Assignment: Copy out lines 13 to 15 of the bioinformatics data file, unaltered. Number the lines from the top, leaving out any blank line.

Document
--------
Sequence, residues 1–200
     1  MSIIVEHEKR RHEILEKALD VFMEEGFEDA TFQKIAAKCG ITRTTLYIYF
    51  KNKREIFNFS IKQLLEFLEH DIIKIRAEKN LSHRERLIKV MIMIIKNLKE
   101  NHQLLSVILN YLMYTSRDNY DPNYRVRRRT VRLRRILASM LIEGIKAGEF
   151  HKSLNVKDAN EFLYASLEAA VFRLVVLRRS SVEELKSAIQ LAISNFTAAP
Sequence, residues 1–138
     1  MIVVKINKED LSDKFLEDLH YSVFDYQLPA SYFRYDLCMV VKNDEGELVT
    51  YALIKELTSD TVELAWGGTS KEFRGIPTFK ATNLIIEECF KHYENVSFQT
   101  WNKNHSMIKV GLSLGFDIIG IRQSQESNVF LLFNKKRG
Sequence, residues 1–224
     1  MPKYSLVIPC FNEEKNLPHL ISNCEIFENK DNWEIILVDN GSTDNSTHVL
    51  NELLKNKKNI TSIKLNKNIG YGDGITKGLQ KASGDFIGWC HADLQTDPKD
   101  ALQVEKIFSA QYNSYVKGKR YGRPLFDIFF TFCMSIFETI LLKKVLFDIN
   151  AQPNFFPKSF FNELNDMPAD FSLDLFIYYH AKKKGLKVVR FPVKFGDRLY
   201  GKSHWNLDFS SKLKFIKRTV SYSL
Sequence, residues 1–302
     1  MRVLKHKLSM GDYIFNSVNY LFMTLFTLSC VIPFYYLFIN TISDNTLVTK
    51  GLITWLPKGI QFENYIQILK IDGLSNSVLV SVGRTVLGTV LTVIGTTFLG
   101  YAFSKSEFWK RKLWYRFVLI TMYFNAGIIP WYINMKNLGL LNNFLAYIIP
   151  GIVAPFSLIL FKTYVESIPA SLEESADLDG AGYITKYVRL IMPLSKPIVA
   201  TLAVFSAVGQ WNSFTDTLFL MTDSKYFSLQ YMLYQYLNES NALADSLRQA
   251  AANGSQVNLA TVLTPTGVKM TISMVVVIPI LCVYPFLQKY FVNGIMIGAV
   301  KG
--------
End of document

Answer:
   101  ALQVEKIFSA QYNSYVKGKR YGRPLFDIFF TFCMSIFETI LLKKVLFDIN
   151  AQPNFFPKSF FNELNDMPAD FSLDLFIYYH AKKKGLKVVR FPVKFGDRLY
   201  GKSHWNLDFS SKLKFIKRTV SYSL